Real-life financial mistakes made by young adults (and how you can help teenagers avoid repeating them)
Thursday, January 22, 2015
We learn from our mistakes, so the theory goes - but when it comes to money, learning from other people's errors can be a whole lot better for your own financial health.
Nearly three quarters of twenty-somethings admitted to making financial mistakes they now regret, in research conducted by the Money Advice Service (MAS)*.
Money mistakes are clearly all too common, especially in our first few years of financial independence, so what's the best way to help other young people avoid making the same mistakes?
Helpful advice from the right source
The research found that a quarter of 16-21 year olds were particularly receptive to adults that were just slightly older than themselves - those who could talk about the regrets they have from their own recent experience while they are still dealing with the consequences.
The knowledge and experience of those a little older can be a more realistic and comfortable conversation for this age group, and a good alternative to parents.
That's not to say that parents and other adult mentors don't have an important role to play - they do. Kirsty Bowman-Vaughan, Young People Policy Manager at MAS, says: "Parents should also speak to their children about the dangers of unmanageable debt - this is because the attitudes we form towards money in our earlier years tends to impact habits for the rest of our lives."
Common culprits: the mistakes young adults make
While money-related mistakes can take many forms, the survey revealed that young adults are especially prone to:
Creating their own credit crunch
When you first get access to credit at age 18, it can be very appealing - but even a small splurge each month can quickly turn into spiralling debt if you can't pay it off. More than a fifth of those surveyed confessed to having spent too much on their credit cards
Indulging champagne taste on a beer budget
Lavish holidays, cars and swanky flats can feel like must-haves when starting out in adult life, and many of those who took part in the survey had fallen into the trap of spending more than they could afford.
The pleasure of spending may initially compensate for the pain of being skint, but falling into debt as a result of over-stretching yourself financially can have long-lasting effects.
The survey found that nearly half of those who made money mistakes felt depressed as a result and a quarter said it affected their relationships with friends and family.
How to avoid these mistakes
Here are a few simple strategies that can help young adults avoid making a mistake that could affect them for years.
See our budget blog for a back-to-basics guide on how to work out what you can afford to spend and stick to it.
Keep an eye on your bank account
Check your balance regularly to make sure everything's in order. This can help you spot an unexpected payment and avoid having to dip into a potentially expensive overdraft.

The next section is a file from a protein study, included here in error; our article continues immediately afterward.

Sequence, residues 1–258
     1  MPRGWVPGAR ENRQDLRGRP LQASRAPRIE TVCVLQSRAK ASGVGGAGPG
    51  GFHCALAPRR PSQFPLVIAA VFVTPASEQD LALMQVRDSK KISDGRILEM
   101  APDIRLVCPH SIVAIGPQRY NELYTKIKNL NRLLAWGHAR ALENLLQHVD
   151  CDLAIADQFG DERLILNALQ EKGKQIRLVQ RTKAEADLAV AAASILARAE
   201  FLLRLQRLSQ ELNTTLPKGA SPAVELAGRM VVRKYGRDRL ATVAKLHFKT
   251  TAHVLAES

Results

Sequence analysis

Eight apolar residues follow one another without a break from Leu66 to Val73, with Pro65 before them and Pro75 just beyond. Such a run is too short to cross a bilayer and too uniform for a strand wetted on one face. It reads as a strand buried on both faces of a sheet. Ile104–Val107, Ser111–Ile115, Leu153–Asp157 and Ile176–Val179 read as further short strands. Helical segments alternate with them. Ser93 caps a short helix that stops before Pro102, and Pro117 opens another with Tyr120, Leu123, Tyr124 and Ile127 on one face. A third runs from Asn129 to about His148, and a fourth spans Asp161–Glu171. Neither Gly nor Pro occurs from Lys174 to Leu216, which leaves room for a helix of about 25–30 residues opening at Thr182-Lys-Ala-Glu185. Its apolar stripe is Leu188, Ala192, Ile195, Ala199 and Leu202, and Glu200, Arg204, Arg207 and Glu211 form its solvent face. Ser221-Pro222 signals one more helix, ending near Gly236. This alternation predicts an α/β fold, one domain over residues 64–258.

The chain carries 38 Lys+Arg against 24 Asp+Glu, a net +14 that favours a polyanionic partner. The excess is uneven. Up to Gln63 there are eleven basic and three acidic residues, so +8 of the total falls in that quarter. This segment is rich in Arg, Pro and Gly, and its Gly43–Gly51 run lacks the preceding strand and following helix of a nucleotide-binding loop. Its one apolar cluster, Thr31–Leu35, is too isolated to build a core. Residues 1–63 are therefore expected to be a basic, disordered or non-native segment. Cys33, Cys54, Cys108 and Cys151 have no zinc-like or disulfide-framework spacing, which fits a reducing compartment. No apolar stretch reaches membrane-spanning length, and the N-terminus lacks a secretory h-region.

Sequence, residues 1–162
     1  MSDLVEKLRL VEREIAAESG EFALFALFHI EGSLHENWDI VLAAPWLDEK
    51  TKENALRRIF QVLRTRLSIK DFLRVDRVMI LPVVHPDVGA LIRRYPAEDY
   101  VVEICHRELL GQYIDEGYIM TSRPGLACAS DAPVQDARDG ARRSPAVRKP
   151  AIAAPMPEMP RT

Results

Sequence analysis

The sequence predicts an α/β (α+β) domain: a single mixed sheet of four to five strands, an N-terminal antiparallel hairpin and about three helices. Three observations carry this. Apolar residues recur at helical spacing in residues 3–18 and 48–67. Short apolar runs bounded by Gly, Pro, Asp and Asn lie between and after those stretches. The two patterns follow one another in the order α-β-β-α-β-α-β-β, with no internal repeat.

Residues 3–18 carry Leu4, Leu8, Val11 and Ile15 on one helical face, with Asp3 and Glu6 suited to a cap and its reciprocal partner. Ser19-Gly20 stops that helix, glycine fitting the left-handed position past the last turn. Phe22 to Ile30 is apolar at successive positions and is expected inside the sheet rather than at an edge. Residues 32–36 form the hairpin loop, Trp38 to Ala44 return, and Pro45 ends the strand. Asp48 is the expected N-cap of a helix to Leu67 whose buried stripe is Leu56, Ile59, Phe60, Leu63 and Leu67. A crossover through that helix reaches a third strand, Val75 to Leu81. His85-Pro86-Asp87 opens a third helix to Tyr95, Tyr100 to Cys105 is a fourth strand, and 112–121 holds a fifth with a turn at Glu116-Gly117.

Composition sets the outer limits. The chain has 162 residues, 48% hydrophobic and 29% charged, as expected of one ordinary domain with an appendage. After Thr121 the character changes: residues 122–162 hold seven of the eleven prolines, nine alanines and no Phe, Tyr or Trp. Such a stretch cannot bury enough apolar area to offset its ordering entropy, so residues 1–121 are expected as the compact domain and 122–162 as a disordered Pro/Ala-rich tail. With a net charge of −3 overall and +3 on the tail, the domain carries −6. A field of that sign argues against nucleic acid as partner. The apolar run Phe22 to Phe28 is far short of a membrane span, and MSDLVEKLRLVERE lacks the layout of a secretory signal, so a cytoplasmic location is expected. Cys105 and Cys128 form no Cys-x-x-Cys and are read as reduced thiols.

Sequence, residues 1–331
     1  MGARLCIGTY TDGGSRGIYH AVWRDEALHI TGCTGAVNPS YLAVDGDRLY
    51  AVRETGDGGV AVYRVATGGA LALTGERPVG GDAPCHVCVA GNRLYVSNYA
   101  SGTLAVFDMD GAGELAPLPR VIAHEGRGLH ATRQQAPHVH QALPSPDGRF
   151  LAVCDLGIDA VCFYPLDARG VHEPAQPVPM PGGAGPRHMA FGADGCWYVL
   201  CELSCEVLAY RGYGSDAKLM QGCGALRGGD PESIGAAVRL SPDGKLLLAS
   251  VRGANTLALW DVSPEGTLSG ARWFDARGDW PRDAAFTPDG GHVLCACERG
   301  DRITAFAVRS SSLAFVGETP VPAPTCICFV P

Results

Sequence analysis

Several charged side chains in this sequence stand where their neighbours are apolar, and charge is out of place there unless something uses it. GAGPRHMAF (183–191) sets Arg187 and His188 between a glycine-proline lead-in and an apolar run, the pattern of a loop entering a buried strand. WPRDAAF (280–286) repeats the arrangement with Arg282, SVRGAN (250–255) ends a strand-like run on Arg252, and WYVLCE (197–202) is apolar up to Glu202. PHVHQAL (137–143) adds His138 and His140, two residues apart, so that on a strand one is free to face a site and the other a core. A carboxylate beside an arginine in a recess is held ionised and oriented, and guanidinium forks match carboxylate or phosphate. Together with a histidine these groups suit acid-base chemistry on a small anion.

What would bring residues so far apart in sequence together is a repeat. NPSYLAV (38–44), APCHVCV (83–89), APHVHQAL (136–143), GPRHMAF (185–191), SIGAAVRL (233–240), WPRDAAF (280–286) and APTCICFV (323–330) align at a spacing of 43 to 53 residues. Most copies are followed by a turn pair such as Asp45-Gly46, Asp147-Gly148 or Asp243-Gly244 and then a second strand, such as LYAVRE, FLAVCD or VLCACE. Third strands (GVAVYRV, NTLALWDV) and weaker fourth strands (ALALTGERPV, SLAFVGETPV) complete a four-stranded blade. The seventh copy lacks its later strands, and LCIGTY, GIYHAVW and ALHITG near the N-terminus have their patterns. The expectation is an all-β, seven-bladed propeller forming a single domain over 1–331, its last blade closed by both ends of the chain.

The best way to manage credit card borrowing is to pay it off in full every month. While it's crucial to make at least the minimum monthly repayment, try, if at all possible, to pay more than this as it will help you build up a positive payment history. Only paying the minimum monthly repayment means the debt could be with you for years.
As bills and expenses have an unnerving habit of cropping up unexpectedly, it's sensible to put aside some savings every month to create a safety net. It's all about thinking and planning ahead so that you are ready if anything unexpected requires extra money - being proactive rather than reactive.
For straightforward tips on how to save successfully, take a look at our infographic on successful saving.
Financial mistakes and credit ratings
27% of those surveyed said their spending habits left them with a poor credit rating. One slip-up, such as a late bill payment, can stay on your credit record for six years and seriously affect your ability to borrow money in the future**.
If you've made financial mistakes in the past (and even if you haven't), it's worth checking your credit rating. There are three main credit reference agencies - Experian, Equifax and Callcredit - Experian and Equifax offer a free 30-day trial and Callcredit offers free reports for life.
If you do find a mistake, you can either raise it with the organisation, such as the bank or lender, that registered the data in the first place, or you can contact the credit reference agency about it to have the matter looked into.
This blog is intended to provide information, not financial advice, to help you make an informed decision about savings and investments. We do not offer financial advice. You should contact a financial adviser, who may charge a fee, if you want financial advice.
*MAS - It's time to talk: young people and money regrets' report
**Experian - Common Credit Myths
Image courtesy of David Castillo Dominici at FreeDigitalPhotos.net